Evolution of Volcanic Clouds from the 1993 Lascar, Chile Eruption
Heather L. Shocker
Michigan Technological University
Thesis for the Degree of M.S.
Abstract. The 19-23 April 1993 volcanic clouds from Lascar volcano, Chile were studied with the AVHRR and TOMS satellite instruments.
The major ash and gas producing eruption occurred 29 hours after the onset of activity.
AVHRR detected a fine silicate ash cloud for four days and TOMS detected an SO2 cloud for 3 days as they moved ESE over the South American continent and Atlantic Ocean.
The maximum amount of fine silicate ash (<15 micron radius) was 4750 kt, detected 45 hours after the onset, and the mass decreased to 430 kt 24 hours later.
The maximum amount of SO2 detected was 300 kt, 40 hours after the onset and this mass decreased to 125 kt 47 hours later.
The rate of decrease of the sliciate ash was faster than the SO2 with ash to SO2 mass ratios of 17:1 45 hours after the onset and 3:1 69 hours after the onset.
Extrapolation of the sulfur massess back to the time of emission give an estimate of 450 kt of SO2.
The amounts of sulfur dioxide released by the eruption are over two orders of magnitude more than would be expected by the volume of magma emitted (0.13 km^3) and the likely pre-erupted sulfur content.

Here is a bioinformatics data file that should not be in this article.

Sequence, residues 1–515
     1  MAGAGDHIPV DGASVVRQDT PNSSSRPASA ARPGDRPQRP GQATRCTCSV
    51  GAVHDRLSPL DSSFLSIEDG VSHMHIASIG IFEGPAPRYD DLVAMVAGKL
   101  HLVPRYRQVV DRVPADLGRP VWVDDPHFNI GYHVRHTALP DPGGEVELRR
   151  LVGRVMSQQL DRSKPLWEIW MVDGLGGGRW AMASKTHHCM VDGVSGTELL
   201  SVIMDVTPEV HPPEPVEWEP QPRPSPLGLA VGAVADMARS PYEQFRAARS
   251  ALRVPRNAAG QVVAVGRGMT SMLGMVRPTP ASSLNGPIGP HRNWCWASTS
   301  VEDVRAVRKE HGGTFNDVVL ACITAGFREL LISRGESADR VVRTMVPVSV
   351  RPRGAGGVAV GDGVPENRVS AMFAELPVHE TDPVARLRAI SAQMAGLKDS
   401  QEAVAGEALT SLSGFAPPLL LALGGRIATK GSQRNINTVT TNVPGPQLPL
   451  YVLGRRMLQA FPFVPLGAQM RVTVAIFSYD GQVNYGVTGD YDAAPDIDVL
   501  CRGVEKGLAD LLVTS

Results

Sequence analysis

Average rates of movement of silicate ash and SO2 clouds were determined in two segments as they drifted 1) 1700 km from the vent across the continent and 2) an additioal 800 km across the ocean. The silicate ash moved at an average rate of 20 m/s decreasing to 5 m/s over the continent and later increasing to 25 m/s over the ocean. By comparing cloud trajectories and radiosonde wind data, the silicate ash was constrained to heights of 8-10 km and the SO2 to heights of 12-15 km. This indicates a separation between the ash and gas components of the volcanic cloud. It is proposed that the separation can be explained largely by gravitational settling of the silicate ash. The terminal velocities of the silicate ash particles, which have a 6-9 micron effective radius, are sufficient to explain the 2-7 km height difference between the two components. These effective radii are larger than measured particle radii from other eruptions, suggesting a faster silicate fallout rate of the Lascar volcanic cloud.